DR. There is this a nice bed. 

BEGGER Yes very nice. 

NURCE Its time for your opperation. 

BEGGER What opperation. 

NURCE I can't explane now. 

NAR. The nurce & the lady are speaking together. 

NURCE Is that the truble with him. 


NURCE I'll fix that soon. Docter. 

DR. Yes. 

NURCE You have to repeat everything to him thats 
the truble. 

74 ] 

DR. w e can nx tnat soon. 

NAR. Soon he was all better and everyone was 

visiting him. 

MARY Oh hello Frank its so nice to see you I hope 
your out of the hospetil soon. 

GEORGE How do you feel Frank, have a nice Christ- 

NAR. And Fd like to tell you the begger married 

the lady and they lived happley ever after. 


When Johnnie Choate was nine years old he was 
given a writing assignment at school He was told to 
read the old English ballad, Lord Ullins Daughter, 
and then to tell the story in his own words. Let us first 
have a look at what Johnnie wrote: 

"Sandy" called Lord Ullin, Bring My daughter to 
me". Yes Sire said Sandy. "Come come my daughter 
I will take you to a castle wich we mite by. "O father 
you are always beying things, wy don't you think of 
the poor for a change/' 

"O phhooy to the poor they should earn there money 
instead of beging for it." 

"Father your so very crule. 

"Why daughter you speak souch bad talk" 

"It is very right what I ,say and speachy you saying 

[ 75 1 

boo to the poor. Why you ought to be a shamed of 
your shelf. Im going to run away. 

That is as far as Johnnie went with it, and I don't 
know what his teacher said if he turned it in to her. 
Right at the beginning, however, there is one small 
matter to be cleared up that word "speachy." After 
much soul-searching I came to the conclusion that 
Johnnie meant "specially" and his mother verified this. 

Now, as to the original ballad I was not ac- 
quainted with it and had to do some digging in the 
public library, where I found it and read it. One thing 
is certain Johnnie didn't copy anything verbatim. In 
the Campbell ballad Lord Ullin's daughter and the 
chief of Ulva's Isle are eloping and have been on the 
road for three days, pursued by Lord Ullin and his 
men. They have arrived at Lochgyle, and they plead 
with the ferryman to row them across, and he agrees, 
and Lord Ullin arrives on the shore just in time to see 
the boat capsize and his daughter drown. That's all 
there is to it. Nobody named Sandy. No talk about 
castles to by. No phhooy to the poor. No daughter 
speaking souch bad talk. In fact, it appears to me that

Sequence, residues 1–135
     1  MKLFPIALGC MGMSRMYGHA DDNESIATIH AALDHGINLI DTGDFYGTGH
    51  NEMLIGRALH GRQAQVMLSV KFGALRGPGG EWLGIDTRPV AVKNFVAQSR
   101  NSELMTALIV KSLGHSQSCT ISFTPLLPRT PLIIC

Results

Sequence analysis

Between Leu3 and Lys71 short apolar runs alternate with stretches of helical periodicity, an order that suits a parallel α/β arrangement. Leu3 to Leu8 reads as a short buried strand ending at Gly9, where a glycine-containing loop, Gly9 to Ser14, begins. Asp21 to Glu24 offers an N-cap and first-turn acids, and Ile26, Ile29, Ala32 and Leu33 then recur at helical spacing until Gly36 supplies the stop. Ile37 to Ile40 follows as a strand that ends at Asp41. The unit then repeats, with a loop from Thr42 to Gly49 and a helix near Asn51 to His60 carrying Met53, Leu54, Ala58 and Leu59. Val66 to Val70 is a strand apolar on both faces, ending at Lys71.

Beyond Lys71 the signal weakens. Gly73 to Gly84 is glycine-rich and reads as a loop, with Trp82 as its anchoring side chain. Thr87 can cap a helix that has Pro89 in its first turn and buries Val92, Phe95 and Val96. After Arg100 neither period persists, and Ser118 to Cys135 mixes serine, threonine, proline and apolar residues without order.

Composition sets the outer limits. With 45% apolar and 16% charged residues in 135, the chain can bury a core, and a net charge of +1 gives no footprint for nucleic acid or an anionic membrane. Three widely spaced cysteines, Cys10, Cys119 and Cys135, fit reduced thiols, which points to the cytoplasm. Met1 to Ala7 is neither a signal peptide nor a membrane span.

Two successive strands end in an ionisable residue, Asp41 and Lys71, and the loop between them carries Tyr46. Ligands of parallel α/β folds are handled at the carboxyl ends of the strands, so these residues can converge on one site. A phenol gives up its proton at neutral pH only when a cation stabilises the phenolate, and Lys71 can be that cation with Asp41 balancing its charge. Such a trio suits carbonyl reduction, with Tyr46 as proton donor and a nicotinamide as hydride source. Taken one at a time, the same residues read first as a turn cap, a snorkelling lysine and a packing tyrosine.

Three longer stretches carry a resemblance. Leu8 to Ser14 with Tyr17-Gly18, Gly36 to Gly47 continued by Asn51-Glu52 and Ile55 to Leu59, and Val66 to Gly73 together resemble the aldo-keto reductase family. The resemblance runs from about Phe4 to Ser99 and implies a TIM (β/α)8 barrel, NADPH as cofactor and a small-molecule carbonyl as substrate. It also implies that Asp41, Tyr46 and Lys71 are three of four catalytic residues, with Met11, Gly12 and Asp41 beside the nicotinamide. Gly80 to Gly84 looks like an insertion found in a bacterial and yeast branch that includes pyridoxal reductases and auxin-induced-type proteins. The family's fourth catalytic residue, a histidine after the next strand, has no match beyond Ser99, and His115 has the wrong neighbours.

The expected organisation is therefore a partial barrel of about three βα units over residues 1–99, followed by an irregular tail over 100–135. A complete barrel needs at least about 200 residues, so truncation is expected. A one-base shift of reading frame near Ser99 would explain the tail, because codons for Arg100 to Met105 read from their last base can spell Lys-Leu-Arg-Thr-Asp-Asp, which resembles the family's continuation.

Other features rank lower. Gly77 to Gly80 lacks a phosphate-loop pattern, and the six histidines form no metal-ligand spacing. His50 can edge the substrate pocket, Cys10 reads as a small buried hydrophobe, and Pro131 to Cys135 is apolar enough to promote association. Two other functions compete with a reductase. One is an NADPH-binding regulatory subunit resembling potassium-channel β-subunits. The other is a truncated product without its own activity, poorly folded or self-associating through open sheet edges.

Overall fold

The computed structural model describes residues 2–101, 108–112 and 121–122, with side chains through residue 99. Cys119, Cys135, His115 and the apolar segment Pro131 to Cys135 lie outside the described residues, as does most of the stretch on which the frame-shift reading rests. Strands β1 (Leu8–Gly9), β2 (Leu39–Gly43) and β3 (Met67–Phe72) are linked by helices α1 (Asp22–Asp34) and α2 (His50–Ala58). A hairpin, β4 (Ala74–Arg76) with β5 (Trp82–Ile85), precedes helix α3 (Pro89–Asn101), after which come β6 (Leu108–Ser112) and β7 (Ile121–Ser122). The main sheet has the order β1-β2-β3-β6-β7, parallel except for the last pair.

Johnnie was deeply dissatisfied with the whole plot as 
set forth by Campbell, even the elopment part. Having 
real old Campbell's version, I must confess that I'm in 

The most famous work of juvenilia in modern times 
is The Young Visiters by Daisy Ashford. This stirring 
and romantic novel was written about 1900 by a nine- 
year-old English girl, using a pencil and a cheap note- 
book. When it was finally published it carried a lauda- 
tory preface by James M. Barrie. It created quite a sen- 
sation and it was so funny, so expertly contrived, that 
some critics charged Barrie with writing it himself. Its 
authenticity was soon established; and the last I heard 
its author, now Mrs. James Devlin, was living on a 
farm near Norwich. She is still collecting royalties from 
Ber childhood work (a handsome new edition of The 
Young Visiters was published by Doubleday & Com- 
pany in 1951, illustrated by William Pene du Bois). It 
has had a continuing popularity, I think, because it 
mirrors so accurately the attitudinizing of the adult 
English world in the time of a somewhat mildewed 

The book tells the story of Mr. Salteena, Ethel 
Monticue, and Bernard Clark. To put it briefly, Mr. 
Salteena was in love with Ethel, but he had high social 
ambitions and when he went off to pursue them, he 
left Ethel in the care of his friend Bernard Clark. We 
have space here for only two passages. The first of 
these tells of the arrival of Mr. Salteena and Ethel at 
the residence of Bernard. 

[ 77 ] 


When they had unpacked Mr Salteena and Ethel 
went downstairs to dinner. Mr. Salteena had put on a 
compleat evening suit as he thought it was the correct 
idear and some ruby studs he had got at a sale. Ethel 
had on a dress of yellaw silk covered with tulle which 
was quite in the fashion and she had on a necklace 
which Mr Salteena gave her for a birthday present. She 
looked very becomeing and pretty and Bernard heaved 
a sigh as he gave her his arm to go into dinner. The 
butler Minnit was quite ready for the fray standing up 
very stiff and surrounded by two footmen in green 
plush and curly white wigs who were called Charles and 

Well said Mr Salteena lapping up his turtle soup 
you have a very sumpshous house Bernard. 

His friend gave a weary smile and swallowed a few 
drops of sherry wine. It is fairly decent he replied with 
a bashful glance at Ethel after our repast I will show 
you over the premisis. 

Many thanks said Mr Salteena getting rarther flus- 
tered with his forks. 

You ourght to give a ball remarked Ethel you have 
such large compartments. 

Yes there is room enough sighed Bernard we might 
try a few steps and meanwhile I might get to know a 
few peaple. 

So you might responded Ethel giving him a speaking 

Mr Salteena was growing a little peevish but he 
cheered up when the Port wine came on the table and 

[ 78 3 

the butler put round some costly finger bowls. He did 
not have any in his own house and he followed Bernard 
Clark's advice as to what to do with them. After dinner 
Ethel played some merry tunes on the piano and Ber- 
nard responded with a rarther loud song in a base voice 
and Ethel clapped him a good deall. Then Mr Salteena 
asked a few riddles as he was not musicle. Then Ber- 
nard said shall I show you over my domain and they 
strolled into the gloomy hall. 

I see you have a lot of ancesters said Mr Salteena in 
a jelous tone, who are they. 

Well said Bernard they are all quite correct. This is